Test your knowledge of this week’s health news.
Where do you and your friends hang out? Is there one house or apartment that everyone goes to?
The Republican senator from Maine prides herself on her ability to work with everyone — which, increasingly, is a good way to make everyone furious.
Christie’s will be auctioning off mementos from the exclusive members-only club in London, including a red velvet sofa, the doorman’s coat and toast racks.
An autopsy expert. A lookalike. A black van. Our video investigation follows the movements of the 15-man Saudi hit team that killed and dismembered the journalist Jamal Khashoggi.
“President Trump is supporting bipartisan criminal justice reform, just in time for his entire administration to be indicted by Robert Mueller,” Noah said.
Did you stay up to date this week?
Paolo Pellegrin has traveled the globe witnessing history and chronicling a changing world. Now his photographs are on show at Italy’s national museum of contemporary art.
A school for Seeing Eye dogs uses the chaos of New York City as its ultimate test when matching young dogs with their blind masters.
In Coatesville, Pa., a struggling steel town, Coach Matt Ortega and his son Ricky have led the team to a 12-0 record. Their success is both extraordinary and reflective of more Latino participation in the sport.
How to untangle financial compensation from the emotional pain of the traumatic events that led to the payments.
Ron DeSantis appeared to have enough votes to become governor of Florida, but state officials ordered a manual recount in the hotly contested Senate race.
What story could this picture tell? Use your imagination to write the opening of a short story or poem inspired by this illustration.
Whether to rent or to buy is one of life’s most daunting decisions. Owning helps build equity; but renting offers freedom. Our guide offers much-needed clarity.
The danger of coastal flooding continues to rise. So, too, does the price of flood insurance, which you may be required to buy even when it’s not necessary.
This word has appeared in 204 articles on nytimes.com in the past year.
A delicious new musical about Broadway narcissists, Indiana homophobes, the possibility of accommodation — and zazz.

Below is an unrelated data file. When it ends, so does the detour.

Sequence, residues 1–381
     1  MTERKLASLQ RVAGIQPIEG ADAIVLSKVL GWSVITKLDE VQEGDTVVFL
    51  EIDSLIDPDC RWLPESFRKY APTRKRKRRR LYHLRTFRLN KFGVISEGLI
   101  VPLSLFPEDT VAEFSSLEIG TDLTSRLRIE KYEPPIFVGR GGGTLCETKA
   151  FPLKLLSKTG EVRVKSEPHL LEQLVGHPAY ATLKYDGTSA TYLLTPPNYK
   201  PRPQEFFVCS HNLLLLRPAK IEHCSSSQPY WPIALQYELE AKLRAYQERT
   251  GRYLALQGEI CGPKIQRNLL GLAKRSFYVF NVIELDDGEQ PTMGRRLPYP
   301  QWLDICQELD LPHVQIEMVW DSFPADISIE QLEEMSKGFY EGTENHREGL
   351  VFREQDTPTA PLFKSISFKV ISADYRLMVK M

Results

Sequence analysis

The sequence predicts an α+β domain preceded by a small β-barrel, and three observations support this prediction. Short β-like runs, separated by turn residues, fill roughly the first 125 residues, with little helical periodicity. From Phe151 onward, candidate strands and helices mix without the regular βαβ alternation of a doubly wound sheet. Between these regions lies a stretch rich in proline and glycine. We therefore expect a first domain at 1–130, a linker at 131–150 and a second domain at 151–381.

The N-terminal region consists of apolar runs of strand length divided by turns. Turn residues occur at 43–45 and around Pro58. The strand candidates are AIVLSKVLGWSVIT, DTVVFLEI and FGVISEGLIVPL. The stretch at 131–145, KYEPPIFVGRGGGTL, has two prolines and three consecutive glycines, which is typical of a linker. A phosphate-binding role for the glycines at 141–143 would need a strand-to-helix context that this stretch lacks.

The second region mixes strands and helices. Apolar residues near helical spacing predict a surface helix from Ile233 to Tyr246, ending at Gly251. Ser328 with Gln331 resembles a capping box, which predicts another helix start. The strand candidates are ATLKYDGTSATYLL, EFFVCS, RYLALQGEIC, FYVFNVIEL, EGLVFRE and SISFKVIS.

Desiree Akhavan’s new, raw comedy debuts on Hulu. And Joel and Ethan Coen’s latest film is on Netflix.
Charges were filed secretly in recent months. A case against Mr. Assange could have implications for the special counsel inquiry as well as the publication of government secrets.
We asked readers how they were preparing for Brexit. They were delighted, despairing and everything in between. Here is what they told us.
Max Levitas wasn’t just an activist. He was a neighbor.
A huge fourth quarter from Russell Wilson pushed Seattle past the Green Bay Packers.
The prime minister, who took office with the sole aim of negotiating her country’s withdrawal from the European Union, may not stay in power long enough to finish the job.
The trend toward broadening tastes at auction picked up steam at Christie’s with the Hockney and new highs for works by two African-American artists.
Social media has turned out to be the perfect tool for nonbinary people to find — and model — their unique places on the gender spectrum.
Beauvillier had three goals and an assist as the Islanders beat the Rangers for the 12th time in their last 13 games.
Five big thinkers — Regina Barzilay, George Church, Jennifer Egan, Catherine Mohr and Siddhartha Mukherjee — puzzle over the future of the future.
Critics counter that their methods are naïve, offensive or both, but all agree: Either way, multigene testing will lead to a social upheaval.
Homo sapiens was the first species to alter the environment that sustained us — to the point that it might not sustain us anymore.
Comedy helps us understand the world. What about the world we’re headed for?
Caring for a mother who suffers from dementia was really hard. I wish I could do it again.
Here’s what you need to know to start your day.
Quotation of the Day for Friday, November 16, 2018.
Cluttered closets? These clever storage solutions (and, before that, a purge) will make them feel bigger and work better.
Corrections appearing in print on Friday, November 16, 2018.
Mr. Zuckerberg said that he wouldn’t step down as chairman and that his No. 2, Sheryl Sandberg, was “doing great work” despite questions about their management.
Only Congressional hearings can answer what the company knew about Russian meddling — and when.
The new seven-year deal is said to be worth $5.1 billion, a significant increase over the current deal for $4.2 billion and eight years.
North Korea did not identify what weapon was tested, but the development could complicate already stalled talks between the United States and North Korea.